The TME includes tumor cells, stromal fibroblasts, immune cells, and vasculature [7]. Similarities in TME composition across tumor samples have led to the identification of TME states (e.g. inflamed, immune-excluded, immune-desert). While these states are dynamic, they can still shed light on the immunogenicity of tumor cells and correlate with response to cancer immunotherapies [8]. The TME cellular composition can be inferred from tumor RNA-Seq data since host cell RNA is sequenced along with the cancer cell RNA. Tumor progression and response to therapies is associated with features of the TME. Therefore, targeting the TME therapeutically may improve treatment outcomes in some cancers.

Immunotherapies that activate the host immune system to eradicate tumors have been effective in treating several cancer types, particularly cancers with a high mutation burden [9, 10]. Pediatric cancers tend to have fewer mutations than adult cancers, and while there has been limited testing of immunotherapies in pediatric cancer patients, the currently available data suggest lower response rates than adult cancers [11, 12]. However, improved immune subtyping of pediatric cancers may identify subsets of patients that are candidates for powerful immunotherapies. In addition to infiltrating immune cells, cancer-associated fibroblasts (CAFs) assist in extracellular matrix remodeling and activation of growth factor signaling. CAFs facilitate tumor growth, metastasis, and resistance to some therapies, so identification of CAF functions within a tumor may also facilitate clinical decision making. Methods are needed to both infer and characterize gene expression subtypes that correlate with tumor microenvironment states to accelerate the development of personalized therapies for pediatric cancers.

Tumor/normal differential expression analysis in which a cohort of tumor tissues is compared to corresponding normal tissue samples is an effective approach for identifying gene expression biomarkers [1315], but it is often not possible to conduct this analysis in a clinical setting. Sufficient biological and technical replicates are limited by tumor tissue availability, and healthy neighboring tissue often cannot be isolated. In addition, for many pediatric cancers, the cell-of-origin, and thus the appropriate reference normal tissue, is not known. Besides differential expression analysis, single-sample pathway analysis can be used to identify upregulation of biological gene sets in tumor subtypes. Among the most widely used pathway analysis approaches is gene set enrichment analysis (GSEA) [16, 17]. GSEA identifies coordinated expression of pathway genes using gene ranks and a Kolmogorov-Smirnov-like test statistic. GSEA is usually performed on differentially expressed genes to compare two cohorts or phenotypes, but single-sample GSEA is also available when there is not an obvious comparator. GSEA uses curated pathway gene sets like those in the Molecular Signatures Database (MSigDB) [18].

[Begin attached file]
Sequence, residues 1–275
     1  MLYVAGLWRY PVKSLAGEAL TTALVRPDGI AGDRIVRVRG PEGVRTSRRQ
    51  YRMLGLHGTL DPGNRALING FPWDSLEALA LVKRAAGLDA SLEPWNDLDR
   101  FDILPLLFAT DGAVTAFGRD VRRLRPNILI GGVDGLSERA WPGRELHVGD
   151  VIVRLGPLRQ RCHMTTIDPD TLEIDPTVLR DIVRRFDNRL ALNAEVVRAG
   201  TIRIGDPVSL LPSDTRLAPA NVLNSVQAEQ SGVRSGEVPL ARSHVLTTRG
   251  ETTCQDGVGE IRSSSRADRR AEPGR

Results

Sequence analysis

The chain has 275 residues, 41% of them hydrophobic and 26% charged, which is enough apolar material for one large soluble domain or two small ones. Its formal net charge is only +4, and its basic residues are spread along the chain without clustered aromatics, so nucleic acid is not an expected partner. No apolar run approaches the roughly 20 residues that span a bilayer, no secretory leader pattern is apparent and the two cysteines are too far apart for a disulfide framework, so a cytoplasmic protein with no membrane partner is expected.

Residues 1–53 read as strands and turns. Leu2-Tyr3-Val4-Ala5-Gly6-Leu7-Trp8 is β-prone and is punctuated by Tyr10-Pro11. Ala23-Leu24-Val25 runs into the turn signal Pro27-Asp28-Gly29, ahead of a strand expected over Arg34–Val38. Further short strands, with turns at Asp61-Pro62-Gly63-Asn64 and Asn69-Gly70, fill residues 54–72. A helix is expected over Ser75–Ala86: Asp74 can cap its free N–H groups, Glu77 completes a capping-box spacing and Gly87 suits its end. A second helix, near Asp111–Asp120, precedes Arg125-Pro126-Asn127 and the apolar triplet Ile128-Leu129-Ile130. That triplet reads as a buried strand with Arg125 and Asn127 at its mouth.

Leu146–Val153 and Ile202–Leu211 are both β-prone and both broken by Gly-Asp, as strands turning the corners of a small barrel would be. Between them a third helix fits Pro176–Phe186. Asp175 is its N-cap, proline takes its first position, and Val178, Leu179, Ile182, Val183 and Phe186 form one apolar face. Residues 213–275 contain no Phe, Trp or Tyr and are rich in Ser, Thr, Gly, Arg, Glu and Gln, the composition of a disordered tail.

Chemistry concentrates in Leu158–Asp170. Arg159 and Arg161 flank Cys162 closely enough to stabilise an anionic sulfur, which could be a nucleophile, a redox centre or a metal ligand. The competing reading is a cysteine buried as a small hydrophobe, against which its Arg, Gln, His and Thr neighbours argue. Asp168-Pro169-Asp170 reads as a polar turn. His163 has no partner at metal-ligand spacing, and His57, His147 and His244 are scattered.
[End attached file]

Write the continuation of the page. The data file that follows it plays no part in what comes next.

Cancer gene expression subtypes are traditionally identified using unsupervised clustering methods such as consensus clustering analysis [1921]. These methods are generally underpowered because the number of genes greatly exceeds the number of samples. Dimensionality reduction approaches such as Principal Component Analysis (PCA) have been found to underestimate the dimensionality of gene expression data [22]. Lenz at al. (2016) found two cases in which PCA fails to identify a biological signal: when the size of the cluster is small and when the effect size is small. Lenz et al. (2016) suggests investigating multimodally expressed genes to improve identification of cancer subtypes. Cancer subtypes naturally lead to multimodal expression patterns because each subtype expresses a correlated set of genes at different expression levels. Expression subtypes may result from dysregulated pathway expression within cancer cells, but another source of multimodal expression comes from varying amounts of infiltrating immune and stromal cells in the TME.

Gaussian mixture models are a powerful class of unsupervised clustering algorithms that can be used to detect multimodally expressed genes [2325]. A Gaussian mixture model is appropriate when the expression data can be modeled as a mixture of two or more Gaussian distributions [26]. One limitation of Gaussian mixture models in this context is that the number of clusters in the data is often not known beforehand, so a parameter search must be used to identify the best-performing model. However, this is a computationally expensive approach. This problem can be overcome by placing a Dirichlet process prior on the number of expression clusters. The number of clusters is then inferred while fitting the mixture model using Markov chain Monte Carlo (MCMC) sampling [26]. This approach has not been widely used in clinical cancer research because these algorithms are still computationally expensive, but recent advances in Bayesian variational inference have made this approach scalable for precision oncology applications [27].

Here, we present the hydra framework for identifying clinically relevant expression subtypes and classifying N-of-1 tumor samples using learned models. We provide an overview of the hydra framework, assess performance for detecting differential pathway expression, and apply the framework to better understand expression patterns in high-risk neuroblastoma and other small blue round cell tumors. We apply the learned models trained on publicly available cancer gene expression data to the N-of-1 setting and show that this framework can identify distinct immune and stromal expression signatures that differentiate pediatric cancer samples. Finally, we identify recurrent tumor microenvironment signatures across pediatric cancer types associated with differences in patient outcomes.

Materials and methods

Dirichlet process gaussian mixture model